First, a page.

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Jazzbones hosts blues bands before sending them to Memphis

The Emerald City Blues Band is one of several heading to Memphis. Photo credit: South Sound Blues Association

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It took me years before I would even bother to look up the Jon Spencer Blues Explosion, let alone listen to it. Just hearing the name was enough to turn me off. When I finally did make the time to listen, I realized that they were an absolutely batsh@* crazy soup of rock, blues, punk, noise and utter weirdness. Why was I so afraid to give them a shot? Because their name gave me flashbacks to the band featured in the great Ghost World.

Steve Buscemi's character arrives at a club to see a beloved blues guitarist play to an apathetic crowd of sports bar patrons, only to see them light up at the all-white headlining act, Blueshammer, who proceed to do an abominable song about "picking cotton all day long." It's a snide and very effective summation of the direction that the blues genre has been cornered into after so many decades: people come in and appropriate it, lending lame electric guitars and phony affectations to one of the purest American musical genres ever conceived. Blueshammer wasn't just a gag in a movie, but rather an encapsulation of every wrongheaded move perpetrated by people who love "all music," as opposed to people who actually have opinions.

Blues has never been my favorite genre, but there's no denying its importance, nor its simple, powerful pleasures. Kurt Cobain saw as much, when he introduced much of the alternative music world to blues with his impassioned cover of Lead Belly's "Where Did You Sleep Last Night." Because the passions of earlier generations tend to get lost in translation (listen to "I Heard Through the Grapevine" by Marvin Gaye, again, and really hear that palpable pain), it took Nirvana to shine a light on the agony of Lead Belly's original song.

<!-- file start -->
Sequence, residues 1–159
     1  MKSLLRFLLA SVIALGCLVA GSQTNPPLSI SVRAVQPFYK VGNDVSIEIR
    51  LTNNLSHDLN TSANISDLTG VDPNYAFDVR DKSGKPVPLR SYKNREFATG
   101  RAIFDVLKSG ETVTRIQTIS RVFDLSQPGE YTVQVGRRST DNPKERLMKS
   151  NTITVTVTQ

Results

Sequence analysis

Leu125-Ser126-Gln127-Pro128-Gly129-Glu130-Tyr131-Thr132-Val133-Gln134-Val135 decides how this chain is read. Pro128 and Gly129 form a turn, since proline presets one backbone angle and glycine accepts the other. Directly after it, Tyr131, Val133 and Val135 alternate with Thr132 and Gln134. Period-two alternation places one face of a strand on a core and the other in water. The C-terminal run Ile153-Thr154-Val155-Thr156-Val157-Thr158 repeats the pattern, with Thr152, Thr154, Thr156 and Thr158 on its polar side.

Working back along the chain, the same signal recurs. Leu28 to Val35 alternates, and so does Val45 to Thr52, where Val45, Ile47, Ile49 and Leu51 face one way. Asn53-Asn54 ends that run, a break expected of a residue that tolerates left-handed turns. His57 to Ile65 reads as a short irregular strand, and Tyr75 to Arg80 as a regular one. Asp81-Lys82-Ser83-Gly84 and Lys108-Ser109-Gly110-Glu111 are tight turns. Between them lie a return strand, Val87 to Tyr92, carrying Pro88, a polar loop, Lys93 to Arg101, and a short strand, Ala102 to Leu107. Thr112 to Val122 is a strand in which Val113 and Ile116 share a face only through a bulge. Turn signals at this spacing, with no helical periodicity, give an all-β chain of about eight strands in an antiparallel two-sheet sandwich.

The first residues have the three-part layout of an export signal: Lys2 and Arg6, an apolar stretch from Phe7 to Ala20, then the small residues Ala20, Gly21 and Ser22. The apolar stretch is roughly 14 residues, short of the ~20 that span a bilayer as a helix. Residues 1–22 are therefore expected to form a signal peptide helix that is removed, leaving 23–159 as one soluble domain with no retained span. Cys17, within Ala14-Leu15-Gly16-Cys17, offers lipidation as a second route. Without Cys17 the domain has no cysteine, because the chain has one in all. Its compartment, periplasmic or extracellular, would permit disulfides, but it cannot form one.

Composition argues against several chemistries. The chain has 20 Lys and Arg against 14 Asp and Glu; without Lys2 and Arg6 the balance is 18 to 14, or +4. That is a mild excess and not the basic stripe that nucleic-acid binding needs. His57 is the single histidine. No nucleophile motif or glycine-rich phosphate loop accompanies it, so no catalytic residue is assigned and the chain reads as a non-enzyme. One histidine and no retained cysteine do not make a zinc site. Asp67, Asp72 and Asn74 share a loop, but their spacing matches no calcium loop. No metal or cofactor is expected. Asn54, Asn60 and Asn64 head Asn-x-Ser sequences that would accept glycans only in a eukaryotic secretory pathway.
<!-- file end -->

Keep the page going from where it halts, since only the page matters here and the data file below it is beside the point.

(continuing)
While the mainstream has either perverted or ignored blues, that doesn't mean that the rest of the world has forgotten it. Yes, the styles have evolved over the years, spreading out over the US and even into other nations (gasp!), but the underlying formula remains the same. In fact, this is a genre that values style and emotion over most things.

In Tacoma, there are several acts gearing up to head down to Memphis, where they will engage in the most bloodthirsty of sports: competitive blues. There is an event in Memphis called the International Blues Challenge, and Jazzbones is looking to raise funds for the trip for a couple of Tacoma's best blues acts. King Kom Beaux, a trio of Louisiana-style blues, will be performing Sunday, in an event to help get them down to Tennessee. Doug Skoog and Brian Feist will also be present.

The main draw for me, though, is the Emerald City Blues Band, which is made up of young folks, and will be taking part in the Youth Showcase at the International Blues Challenge. It's never too early, after all, to teach young people to express their misery through music. Kurt Cobain was smart enough to do it through punk and blues, like Jon Spencer but without the whimsy.

Jazzbones, w/Doug Skoog, Brian Feist, Emerald City Blues Band, CD Woodbury Band, King Kom Beaux, Sunday, Nov. 1 5-10 p.m., $10, 2803 6th Ave, Tacoma, 253.396.9169,

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